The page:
Respiratory therapy

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Editor-In-Chief: C. Michael Gibson, M.S., M.D. [1]


Respiratory therapy is categorized as an allied health profession in the United States and Canada. Respiratory therapists (RTs), also known as Respiratory Care Practitioners (RCP), specialize in the assessment and treatment of respiratory and cardiovascular pathologies. These include chronic lung problems (e.g., asthma, bronchitis, emphysema, COPD), and more acute multi-systemic problems stemming from other pathological conditions such as heart attacks, stroke, or trauma as well as complications at birth. RTs are specialists in airway management, mechanical ventilation, blood acid/base balance, and critical care medicine. RTs work closely with other medical disciplines such as physicians, nurses, speech therapists and physical therapists etc.


Respiratory Therapy has grown considerably through the past four decades. There was a time when Respiratory therapists were on the job trained techs, with little formal education. Their main function was to ensure safe oxygen use. With the advent of Mechanical Ventilators, modern CPR and airway care methods, a need for thoroughly trained practitioners presented itself. Over the years "techs" have evolved to college trained therapists who practice in a variety of settings.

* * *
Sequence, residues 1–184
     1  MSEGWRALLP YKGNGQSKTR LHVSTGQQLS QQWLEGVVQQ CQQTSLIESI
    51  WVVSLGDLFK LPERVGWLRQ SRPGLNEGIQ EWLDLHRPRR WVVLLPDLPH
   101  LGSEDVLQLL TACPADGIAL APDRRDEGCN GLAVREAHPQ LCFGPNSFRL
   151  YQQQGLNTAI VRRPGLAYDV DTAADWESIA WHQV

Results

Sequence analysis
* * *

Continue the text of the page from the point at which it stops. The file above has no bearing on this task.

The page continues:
Certification, Education, and Training

Registered Respiratory Therapists (RRT) are required to complete a minimum of a two-year associate degree program. There are also three-, four- and five-year degree programs. There are also Master's and PhD degree programs offered by some schools. After graduation, the therapist must then write a national exam administered by the Canadian Board of Respiratory Care (CBRC) in Canada and/or the National Board for Respiratory Care (NBRC) in the United States. In the US, a two tiered system exists. First a certification exam can be taken, and if passed, the therapist is designated CRT, or certified respiratory therapist. After that, a registry exam can be taken giving the designation of RRT, or registered respiratory therapist. Also, further examination for Neonatal/Pediatric specialist may be taken allowing RT's to be designated as neonatal-pediatric specialists, CRT-NPS or RRT-NPS.

In order to be considered for admission to a respiratory therapy program, a strong high school background (typically grades of B+ or higher) in science and math at the senior matriculation level is usually required. The program of study varies from one school to another, but all programs include the following:

Courses in anatomy, physiology, pathophysiology, pharmacology, chemistry, physics, microbiology, hemodynamics, mechanical ventilation, statistics, healthcare law, and medical ethics are required. Pass marks are usually set high. These studies relate to all body systems. Extra focus is spent on the respiratory, cardiovascular, neurological and renal systems.